Caracalla A Military Biography by Ilkka Syvänne    Why did the names of some of the worst Roman emperors start with ...

Caracalla A Military Biography by Ilkka Syvänne Caracalla A Military Biography by Ilkka Syvänne

Caracalla A Military Biography by Ilkka Syvänne

Caracalla A Military Biography by Ilkka Syvänne



by








 Why did the names of some of the worst Roman emperors start with the letter 'C', as in, Caligula, Commodus, and Caracalla? I am not talking about the the emperors who only wore the purple for a short time, but those who at least had a few years in their reign.

 I am not a big fan of the Roman Empire; most of my reading is done during the period of the Republic. I have to say that this book is truly an amazing gold mine of military history and everything else you would want to know about the Roman army during this time.

 Caracalla, or more correctly, at birth Lucius Septimus Bassianus, and later Marcus Aurelius Severus Antoninus was described by Gibbon as "the common enemy of mankind". The author of this book cuts through 1800 years of slanted history to give us the real story of the man and his rule. The book even goes into the history before his birth and after his death. 

 This book has worked its way into the top five of my favorite books. For someone who has been reading voraciously for fifty-three years it is quite an accomplishment. The writing is superb, and it still amazes me what the author has packed into a little over three hundred pages. The book is also filled with pictures, some colorized, maps and diagrams. This is a one book encyclopedia of Roman history and military during the middle part of the empire. When you can take a subject that the reader normally doesn't care about and turn it into a page turner, that is something few authors have been able to do. Caracalla has been one of the poster children for despots for many years. To bring his story into perspective and help the reader rethink his views on a much maligned man is not an easy task. To be honest, the author does not try to make him a Boy Scout, but to bring the history of the time alive for the reader to judge for himself what he would have done in the same situation. Since Caligula, the emperor had been a marked man. Except for the time of the 'good' emperors - Trajan to Marcus Aurelius - the man in the gilded seat seems to have had a target on his head. Very few of the Roman emperors died in their beds, at least of natural causes.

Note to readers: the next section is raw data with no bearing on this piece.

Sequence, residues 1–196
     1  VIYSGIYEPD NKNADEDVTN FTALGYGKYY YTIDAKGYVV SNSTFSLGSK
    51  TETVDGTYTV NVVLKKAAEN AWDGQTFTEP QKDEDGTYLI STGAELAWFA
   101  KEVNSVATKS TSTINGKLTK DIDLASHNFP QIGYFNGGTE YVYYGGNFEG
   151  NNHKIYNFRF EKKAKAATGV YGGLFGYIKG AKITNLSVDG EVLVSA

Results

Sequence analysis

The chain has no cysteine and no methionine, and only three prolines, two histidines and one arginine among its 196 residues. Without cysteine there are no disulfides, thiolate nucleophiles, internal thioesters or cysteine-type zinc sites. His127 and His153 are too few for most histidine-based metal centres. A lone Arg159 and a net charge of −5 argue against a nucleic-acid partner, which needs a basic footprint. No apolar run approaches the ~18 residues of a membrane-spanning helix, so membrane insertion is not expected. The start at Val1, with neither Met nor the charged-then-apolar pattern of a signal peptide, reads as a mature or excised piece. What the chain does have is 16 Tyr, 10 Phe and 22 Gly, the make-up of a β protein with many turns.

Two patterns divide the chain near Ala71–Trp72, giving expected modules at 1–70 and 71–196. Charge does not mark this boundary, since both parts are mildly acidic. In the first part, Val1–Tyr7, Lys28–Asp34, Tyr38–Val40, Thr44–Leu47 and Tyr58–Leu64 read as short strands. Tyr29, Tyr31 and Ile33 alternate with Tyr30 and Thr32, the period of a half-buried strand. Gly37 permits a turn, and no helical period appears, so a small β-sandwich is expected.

Oddly enough, Caracalla's murder seems to be one of the very few where the Roman Army was actually upset over his demise. Usually they were in the plot thick as thieves.

 I cannot praise the book enough. From the illustrations to the diagrams that show how Caracalla tried to emulate the army of Alexander the Great, the information in the book is priceless. 

Robert

Author: Ilkka Syvanne
Publisher: Pen And Sword
Distributor: Casemate Publishers 

0 comments :